Copyright © 2019 Matthew Barber, Deputy Police & Crime Commissioner for the Thames Valley, All rights reserved.
Cut It Out – domestic abuse
The Thames Valley Police & Crime Commissioner’s Violence Reduction unit has launched a new campaign supported by world famous stylist Nicky Clarke. The Cut It Out campaign intends to raise awareness of domestic abuse across the hair and beauty industry.
The Thames Valley Violence Reduction Unit has developed a new training package for students in the industry to help them spot the signs of abuse and to ensure they know how to support victims and seek further help.
The campaign was launched this week at Activate Learning’s Oxford campus. Nicky Clarke joined the launch event and spoke to students and staff about how the training is being delivered.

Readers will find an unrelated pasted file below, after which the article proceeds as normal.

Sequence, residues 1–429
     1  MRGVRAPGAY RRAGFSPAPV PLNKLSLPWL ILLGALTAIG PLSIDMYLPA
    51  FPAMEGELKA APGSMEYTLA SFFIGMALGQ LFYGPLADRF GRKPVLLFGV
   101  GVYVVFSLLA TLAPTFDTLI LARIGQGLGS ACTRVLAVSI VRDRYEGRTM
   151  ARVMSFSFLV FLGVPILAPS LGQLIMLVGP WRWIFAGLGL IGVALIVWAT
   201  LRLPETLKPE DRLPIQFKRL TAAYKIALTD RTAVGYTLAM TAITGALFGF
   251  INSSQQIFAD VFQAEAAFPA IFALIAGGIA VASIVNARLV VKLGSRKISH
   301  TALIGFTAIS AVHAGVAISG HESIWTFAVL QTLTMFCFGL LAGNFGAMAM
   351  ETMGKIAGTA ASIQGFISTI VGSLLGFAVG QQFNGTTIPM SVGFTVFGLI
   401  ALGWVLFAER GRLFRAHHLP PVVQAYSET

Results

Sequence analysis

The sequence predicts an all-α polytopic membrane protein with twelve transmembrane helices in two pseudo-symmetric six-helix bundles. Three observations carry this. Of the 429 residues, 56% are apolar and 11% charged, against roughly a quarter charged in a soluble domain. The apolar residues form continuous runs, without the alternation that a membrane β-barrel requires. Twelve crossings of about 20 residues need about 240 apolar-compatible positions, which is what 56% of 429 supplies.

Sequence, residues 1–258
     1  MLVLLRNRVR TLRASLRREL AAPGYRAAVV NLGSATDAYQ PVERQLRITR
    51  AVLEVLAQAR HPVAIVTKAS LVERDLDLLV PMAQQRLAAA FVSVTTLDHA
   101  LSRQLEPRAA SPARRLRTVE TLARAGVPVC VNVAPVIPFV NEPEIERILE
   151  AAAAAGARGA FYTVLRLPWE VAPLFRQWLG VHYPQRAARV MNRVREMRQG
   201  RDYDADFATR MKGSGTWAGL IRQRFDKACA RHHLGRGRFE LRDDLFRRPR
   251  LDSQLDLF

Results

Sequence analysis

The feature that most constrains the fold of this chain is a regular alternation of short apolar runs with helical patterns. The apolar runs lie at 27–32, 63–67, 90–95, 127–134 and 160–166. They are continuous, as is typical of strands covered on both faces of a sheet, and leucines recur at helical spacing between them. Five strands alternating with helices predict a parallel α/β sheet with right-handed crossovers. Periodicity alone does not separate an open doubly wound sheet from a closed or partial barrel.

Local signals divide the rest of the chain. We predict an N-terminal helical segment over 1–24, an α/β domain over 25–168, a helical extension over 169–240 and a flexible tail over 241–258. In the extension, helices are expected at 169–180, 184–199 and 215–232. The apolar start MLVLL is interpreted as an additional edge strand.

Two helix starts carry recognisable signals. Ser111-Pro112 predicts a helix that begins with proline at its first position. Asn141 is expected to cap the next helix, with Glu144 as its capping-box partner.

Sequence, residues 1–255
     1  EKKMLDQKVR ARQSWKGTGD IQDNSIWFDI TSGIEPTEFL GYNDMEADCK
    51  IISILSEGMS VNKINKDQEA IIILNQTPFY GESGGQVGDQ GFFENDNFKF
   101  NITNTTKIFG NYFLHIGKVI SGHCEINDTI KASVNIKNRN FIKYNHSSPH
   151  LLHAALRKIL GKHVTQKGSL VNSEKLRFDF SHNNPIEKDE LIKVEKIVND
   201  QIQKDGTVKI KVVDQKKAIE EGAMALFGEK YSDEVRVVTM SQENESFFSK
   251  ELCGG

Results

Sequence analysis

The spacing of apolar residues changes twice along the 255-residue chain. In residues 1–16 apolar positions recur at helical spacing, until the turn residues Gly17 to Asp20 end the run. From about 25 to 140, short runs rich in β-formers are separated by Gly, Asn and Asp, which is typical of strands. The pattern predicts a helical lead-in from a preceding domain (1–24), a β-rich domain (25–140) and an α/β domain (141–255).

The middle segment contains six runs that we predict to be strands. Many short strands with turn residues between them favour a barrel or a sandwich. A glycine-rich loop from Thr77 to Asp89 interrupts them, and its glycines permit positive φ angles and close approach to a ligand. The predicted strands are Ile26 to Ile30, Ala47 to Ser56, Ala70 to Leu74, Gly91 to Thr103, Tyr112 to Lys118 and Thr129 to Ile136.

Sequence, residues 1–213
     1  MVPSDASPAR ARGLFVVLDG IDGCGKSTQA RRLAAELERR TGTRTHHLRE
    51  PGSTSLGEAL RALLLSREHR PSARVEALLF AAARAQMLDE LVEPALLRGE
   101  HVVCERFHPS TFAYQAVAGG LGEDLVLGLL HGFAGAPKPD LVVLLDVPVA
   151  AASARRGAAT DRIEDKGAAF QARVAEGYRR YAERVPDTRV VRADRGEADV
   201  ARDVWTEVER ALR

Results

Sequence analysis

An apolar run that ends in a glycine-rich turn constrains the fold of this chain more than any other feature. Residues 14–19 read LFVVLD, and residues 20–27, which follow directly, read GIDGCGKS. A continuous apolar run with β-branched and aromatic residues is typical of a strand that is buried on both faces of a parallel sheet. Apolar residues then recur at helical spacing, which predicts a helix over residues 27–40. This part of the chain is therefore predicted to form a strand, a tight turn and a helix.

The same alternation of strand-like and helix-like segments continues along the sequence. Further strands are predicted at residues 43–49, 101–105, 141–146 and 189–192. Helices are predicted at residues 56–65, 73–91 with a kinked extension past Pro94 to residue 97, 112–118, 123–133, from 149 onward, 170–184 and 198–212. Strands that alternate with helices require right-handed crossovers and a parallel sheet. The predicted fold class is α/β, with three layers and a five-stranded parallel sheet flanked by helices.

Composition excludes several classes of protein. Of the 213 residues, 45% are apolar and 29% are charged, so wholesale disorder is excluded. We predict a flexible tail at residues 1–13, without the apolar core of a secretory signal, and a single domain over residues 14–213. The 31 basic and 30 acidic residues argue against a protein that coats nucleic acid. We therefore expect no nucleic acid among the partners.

It is estimated that one in four women and one in six men experiencing some form of domestic abuse during their life. Hair-dressers, barbers and beauty therapists are often in a position of privilege with their client, not only working physically close to them but also very often, they are someone trusted to talk to or confide in. The Cut It Out campaign recognises this unit opportunity to spot the signs of abuse and to intervene early.
The training package, first developed with Milton Keynes College is available for anyone to access on Activate Learning’s website.